Them I said, in England, let`s go with the English! So I researched in two places. First the dictionarys and them the Britannica Encyclopedia ( could not copy the second one here because of copyright issues0 for definitions of imperial (and in the encyclopedia Emperor). And I must say that after doing that I`m back to my old thought. Looking specifically at the dictionary definition there`s one point the could be argued that is definition 5:

of a commanding quality, manner, aspect, etc.

One could say that a leader could resemble an emperor in this commanding quality, manner or aspect. But I still don`t think that would suit Deming. I don`t think Deming thinks a leader that way, he talks about lot`s of qualities a leader should have but none of them look similar to those stated, even though I think you can have a leader applying Deming`s lessons and having some of the characteristics described in the 5th definition.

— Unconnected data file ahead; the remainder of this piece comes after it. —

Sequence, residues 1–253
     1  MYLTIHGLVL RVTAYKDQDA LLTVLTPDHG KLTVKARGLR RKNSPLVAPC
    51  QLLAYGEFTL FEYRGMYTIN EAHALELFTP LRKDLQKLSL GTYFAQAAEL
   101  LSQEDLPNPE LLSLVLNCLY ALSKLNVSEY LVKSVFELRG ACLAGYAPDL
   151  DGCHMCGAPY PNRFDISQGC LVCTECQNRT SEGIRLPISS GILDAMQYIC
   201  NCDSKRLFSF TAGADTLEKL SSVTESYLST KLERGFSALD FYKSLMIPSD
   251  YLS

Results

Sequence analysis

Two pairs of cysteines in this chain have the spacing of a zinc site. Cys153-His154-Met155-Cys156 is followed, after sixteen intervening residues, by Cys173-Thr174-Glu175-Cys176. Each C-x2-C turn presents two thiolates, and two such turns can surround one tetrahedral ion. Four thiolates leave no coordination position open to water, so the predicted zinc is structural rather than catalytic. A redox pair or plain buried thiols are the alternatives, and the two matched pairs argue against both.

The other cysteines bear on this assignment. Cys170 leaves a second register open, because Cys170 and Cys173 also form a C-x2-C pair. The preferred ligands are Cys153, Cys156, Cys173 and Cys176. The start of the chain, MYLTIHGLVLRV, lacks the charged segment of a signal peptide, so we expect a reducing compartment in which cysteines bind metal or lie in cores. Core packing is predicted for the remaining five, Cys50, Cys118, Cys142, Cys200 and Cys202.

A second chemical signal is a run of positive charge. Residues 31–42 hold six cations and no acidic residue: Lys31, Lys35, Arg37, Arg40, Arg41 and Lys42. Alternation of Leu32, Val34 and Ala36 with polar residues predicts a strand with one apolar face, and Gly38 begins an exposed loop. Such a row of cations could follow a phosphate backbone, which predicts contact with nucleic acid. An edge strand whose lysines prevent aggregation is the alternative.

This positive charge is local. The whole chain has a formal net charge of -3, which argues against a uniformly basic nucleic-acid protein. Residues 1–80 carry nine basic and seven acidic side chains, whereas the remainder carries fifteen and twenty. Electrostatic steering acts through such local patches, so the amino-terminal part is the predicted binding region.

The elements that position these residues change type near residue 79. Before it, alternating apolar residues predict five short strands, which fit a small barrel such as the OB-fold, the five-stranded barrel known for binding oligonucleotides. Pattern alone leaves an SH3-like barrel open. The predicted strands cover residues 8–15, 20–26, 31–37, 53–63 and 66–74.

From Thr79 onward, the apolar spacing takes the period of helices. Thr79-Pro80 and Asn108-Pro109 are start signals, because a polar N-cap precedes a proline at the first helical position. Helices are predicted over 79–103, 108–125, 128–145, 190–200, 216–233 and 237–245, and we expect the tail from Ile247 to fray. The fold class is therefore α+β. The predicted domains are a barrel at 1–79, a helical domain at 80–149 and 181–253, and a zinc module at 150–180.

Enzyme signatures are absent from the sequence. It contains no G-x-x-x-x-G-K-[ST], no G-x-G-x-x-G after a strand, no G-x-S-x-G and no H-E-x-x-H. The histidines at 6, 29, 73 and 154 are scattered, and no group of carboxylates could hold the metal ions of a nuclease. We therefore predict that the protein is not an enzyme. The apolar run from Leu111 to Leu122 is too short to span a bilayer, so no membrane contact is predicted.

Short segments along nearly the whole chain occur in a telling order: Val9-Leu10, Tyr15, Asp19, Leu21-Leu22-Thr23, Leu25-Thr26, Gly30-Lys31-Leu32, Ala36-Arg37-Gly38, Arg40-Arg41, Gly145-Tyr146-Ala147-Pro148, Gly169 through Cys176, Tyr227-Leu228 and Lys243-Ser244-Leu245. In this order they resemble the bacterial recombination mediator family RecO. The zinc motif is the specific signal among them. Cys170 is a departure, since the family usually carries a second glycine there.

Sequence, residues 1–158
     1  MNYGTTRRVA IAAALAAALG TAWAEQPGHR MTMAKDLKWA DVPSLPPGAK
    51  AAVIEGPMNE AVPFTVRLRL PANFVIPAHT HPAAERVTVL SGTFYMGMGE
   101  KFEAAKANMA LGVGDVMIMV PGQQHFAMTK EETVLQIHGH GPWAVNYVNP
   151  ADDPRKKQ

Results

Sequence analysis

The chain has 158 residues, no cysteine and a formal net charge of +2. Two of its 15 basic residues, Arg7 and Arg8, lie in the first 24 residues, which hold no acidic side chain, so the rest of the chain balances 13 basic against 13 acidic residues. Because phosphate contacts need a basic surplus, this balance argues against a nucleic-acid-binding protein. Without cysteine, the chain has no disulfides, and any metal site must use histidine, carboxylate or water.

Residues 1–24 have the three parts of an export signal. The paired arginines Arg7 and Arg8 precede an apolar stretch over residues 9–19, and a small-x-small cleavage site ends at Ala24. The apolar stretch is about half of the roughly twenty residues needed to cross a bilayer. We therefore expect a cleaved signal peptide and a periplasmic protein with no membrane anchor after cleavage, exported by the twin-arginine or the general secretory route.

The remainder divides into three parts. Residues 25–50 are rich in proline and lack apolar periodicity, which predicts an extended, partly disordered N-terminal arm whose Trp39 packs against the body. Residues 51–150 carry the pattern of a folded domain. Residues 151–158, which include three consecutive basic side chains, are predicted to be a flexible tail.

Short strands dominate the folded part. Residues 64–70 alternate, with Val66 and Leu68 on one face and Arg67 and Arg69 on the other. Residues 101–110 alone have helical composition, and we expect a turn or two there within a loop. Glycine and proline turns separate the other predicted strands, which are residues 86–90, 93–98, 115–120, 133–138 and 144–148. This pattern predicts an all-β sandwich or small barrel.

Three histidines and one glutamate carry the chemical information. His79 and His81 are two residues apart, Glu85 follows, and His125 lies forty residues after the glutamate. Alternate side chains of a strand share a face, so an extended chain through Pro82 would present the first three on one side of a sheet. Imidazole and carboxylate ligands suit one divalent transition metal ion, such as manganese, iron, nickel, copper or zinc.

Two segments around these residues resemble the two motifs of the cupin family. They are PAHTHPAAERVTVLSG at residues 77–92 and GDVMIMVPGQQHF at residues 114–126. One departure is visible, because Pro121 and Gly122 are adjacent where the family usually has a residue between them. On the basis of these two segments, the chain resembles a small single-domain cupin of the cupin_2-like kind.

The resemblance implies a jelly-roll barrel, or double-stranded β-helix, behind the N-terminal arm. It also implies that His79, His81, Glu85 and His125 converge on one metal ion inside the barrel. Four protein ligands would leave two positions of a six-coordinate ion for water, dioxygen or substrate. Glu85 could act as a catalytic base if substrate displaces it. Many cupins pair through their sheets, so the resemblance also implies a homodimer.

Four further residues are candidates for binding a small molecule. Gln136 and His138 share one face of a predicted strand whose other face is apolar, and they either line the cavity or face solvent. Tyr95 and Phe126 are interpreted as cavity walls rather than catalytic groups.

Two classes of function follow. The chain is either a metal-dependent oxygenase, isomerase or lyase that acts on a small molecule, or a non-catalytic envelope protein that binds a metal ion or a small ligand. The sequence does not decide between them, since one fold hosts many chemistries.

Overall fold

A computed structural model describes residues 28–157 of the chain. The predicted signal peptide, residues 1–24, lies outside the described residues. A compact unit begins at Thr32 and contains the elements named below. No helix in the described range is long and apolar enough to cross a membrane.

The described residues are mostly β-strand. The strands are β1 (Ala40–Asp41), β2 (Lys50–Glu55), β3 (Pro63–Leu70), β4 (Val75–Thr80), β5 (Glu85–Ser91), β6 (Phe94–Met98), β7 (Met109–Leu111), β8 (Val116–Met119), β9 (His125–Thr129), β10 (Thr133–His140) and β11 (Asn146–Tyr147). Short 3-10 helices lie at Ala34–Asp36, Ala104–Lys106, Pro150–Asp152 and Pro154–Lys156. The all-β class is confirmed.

But the main thing is I think imperial takes us to a non-challenging, not learning together  kind of thinking that does not fit in Deming`s views. I think Deming`s leader fit`s more in the image of a visionary, someone who is not intrinsically more clever or superior, but someone who has a vision and knows how to share it. Someone who helps a tem produce more that the simple addition of it`s individual abilities and who promotes coletive growth.

Well...just some thought really!

Tks guys!


October 20, 2008

SLLC, let`s work together.


Thank you for choosing me to represent our group. I`m proud of it. Thanks for Louis (Kang) that would have also been a great choice.

I`d like to find a way to communicate with all of you, but I`d not like to use the FT MSC mailing list, because our colleagues from the other programs don`t need to receive our messages. I`m ask Paul to create a forum linked to the MBE page for us to discuss ways to improve our learning experience. I`d also think we should have a mailing list of our own. What do you think? What`s your opinion?

We can also use our group in Facebook, but I think we should prioritise the usage of Warwick tools.